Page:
Friday, May 11, 2007

Standing Tall

With any other team, the situation would have been bleak at best. Down 19 with 10:27 left in the third quarter, on the road, playing a team with a sense of desperation, to an outsider the Pistons probably looked cooked. Turn off your television, go to bed, wake up excited for a pivotal game 4 cooked. But these are the Detroit Pistons. I will not claim that I knew we would come back and win it all along. However, I knew Detroit would not let themselves get blown out and give Chicago the kind of momentum boost that can change the outlook of an entire series. Hell, we've already come back against them once this season, overcoming a 16-point second half deficit to defeat Chicago in Big Ben's return to the Palace. If Detroit could cut the lead down to ten by the fourth, I was confident in our chances.

The Pistons did me nine better. After trading baskets back and forth with Chicago for a few minutes, Detroit ended the quarter on a 22-6 run, punctuated by Rasheed Wallace's three-pointer as time expired. Detroit may have been down 61-60, but there was no doubt who was going to win the game. Even with the game tied at 66 with seven minutes left, Detroit had the swagger of an experienced championship team, while the Baby Bulls no longer were playing desperate and now were just playing scared.

Then came the first in a flurry of Pistons' fourth quarter daggers that brought to mind the Ides of March. Rasheed found Chauncey Billups wide open at the top of the key, and even before Mr. Big Shot had released the ball a literal wail of horror echoed throughout the United Center. They had seen enough of the Pistons to know exactly where that ball was going, and sure enough, Chauncey's three gave Detroit a 69-66 lead they would never relinquish. Chicago did its best to hang around, not letting the lead hit double digits until there were eight seconds left, but the Pistons were not going to relinquish the lead they had fought so hard to take. A meaningless Luol Deng three-point play made the final score 81-74, and may have saved some face for the Bulls in the eyes of fans who just check the box score and don't read the summary, but Detroit won convincingly in a game they were losing by 19 in the third.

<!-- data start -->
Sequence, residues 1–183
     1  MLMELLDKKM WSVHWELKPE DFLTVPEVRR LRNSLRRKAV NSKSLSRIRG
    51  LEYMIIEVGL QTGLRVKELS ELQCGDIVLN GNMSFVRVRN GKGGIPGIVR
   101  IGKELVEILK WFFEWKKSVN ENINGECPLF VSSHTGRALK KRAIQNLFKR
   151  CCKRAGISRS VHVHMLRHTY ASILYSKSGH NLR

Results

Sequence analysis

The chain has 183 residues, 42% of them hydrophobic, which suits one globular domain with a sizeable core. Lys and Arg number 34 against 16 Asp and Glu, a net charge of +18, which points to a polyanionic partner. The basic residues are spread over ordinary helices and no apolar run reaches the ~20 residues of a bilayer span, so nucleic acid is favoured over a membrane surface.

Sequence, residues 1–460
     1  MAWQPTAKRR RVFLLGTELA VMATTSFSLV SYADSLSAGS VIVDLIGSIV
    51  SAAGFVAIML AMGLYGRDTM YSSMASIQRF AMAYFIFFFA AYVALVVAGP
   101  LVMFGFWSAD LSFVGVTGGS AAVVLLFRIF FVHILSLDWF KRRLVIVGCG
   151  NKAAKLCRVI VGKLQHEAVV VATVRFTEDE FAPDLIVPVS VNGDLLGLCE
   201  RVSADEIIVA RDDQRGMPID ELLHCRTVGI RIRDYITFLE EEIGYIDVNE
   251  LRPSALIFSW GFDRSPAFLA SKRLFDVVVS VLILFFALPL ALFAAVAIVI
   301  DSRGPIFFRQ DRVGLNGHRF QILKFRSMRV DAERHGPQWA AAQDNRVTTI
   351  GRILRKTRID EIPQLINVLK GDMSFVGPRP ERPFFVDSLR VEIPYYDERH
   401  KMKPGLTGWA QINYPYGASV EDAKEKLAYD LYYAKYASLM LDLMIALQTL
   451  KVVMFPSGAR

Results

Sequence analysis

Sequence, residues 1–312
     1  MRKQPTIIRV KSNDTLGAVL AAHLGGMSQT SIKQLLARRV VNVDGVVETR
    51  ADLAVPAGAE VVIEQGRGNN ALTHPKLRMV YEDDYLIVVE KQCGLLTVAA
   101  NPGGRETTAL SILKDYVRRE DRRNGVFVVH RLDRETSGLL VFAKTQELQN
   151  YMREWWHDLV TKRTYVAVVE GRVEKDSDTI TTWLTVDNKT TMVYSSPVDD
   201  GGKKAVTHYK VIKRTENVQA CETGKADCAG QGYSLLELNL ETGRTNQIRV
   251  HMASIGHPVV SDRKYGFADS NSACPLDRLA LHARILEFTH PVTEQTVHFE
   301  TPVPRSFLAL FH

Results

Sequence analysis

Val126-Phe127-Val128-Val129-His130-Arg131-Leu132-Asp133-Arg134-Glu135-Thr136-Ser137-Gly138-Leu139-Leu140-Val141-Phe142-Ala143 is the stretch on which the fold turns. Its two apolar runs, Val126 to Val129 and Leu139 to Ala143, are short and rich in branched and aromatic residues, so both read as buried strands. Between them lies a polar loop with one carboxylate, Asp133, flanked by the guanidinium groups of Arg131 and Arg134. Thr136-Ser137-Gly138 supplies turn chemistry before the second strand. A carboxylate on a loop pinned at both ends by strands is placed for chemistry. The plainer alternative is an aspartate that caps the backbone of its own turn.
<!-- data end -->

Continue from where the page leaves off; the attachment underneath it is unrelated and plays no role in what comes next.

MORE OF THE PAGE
While Detroit received little contribution out of Chris Webber (0-5, 0 points) or the bench (5 points), Detroit's core of Sheed, Rip, Chauncey and Tayshaun carried the team to victory. Prince led the team with 23 points and 11 rebounds, and had the game's signature play, a thunderous jam in the face of Andres Nocioni. Chauncey scored 21 and added 7 assists, and certainly lived up to his nickname. Rasheed had two huge threes in the second half, and finished with 16 points and 11 boards. Finally, Rip contributed 16 points, and logged a solid 45 minutes despite finishing with 5 fouls. Fittingly, it was the four remaining starters from the championship team that effectively finished off the team featuring the fifth, Ben Wallace.

Detroit looks to complete the sweep on Sunday, and if last night's game is any indication, Detroit should take the game on Chicago's home court. If the Bulls were going to step up and make this a series, game 3 was the only possible time to do so. Now, they are looking uphill at a Piston team that has their number and a history that says what they need to do is impossible (teams facing a 0-3 deficit are 0-81 in the history of the NBA). Detroit winning the series is an inevitability, and it appears that taking game 4 will be as well.

(AP Photo/Nam Y. Huh)

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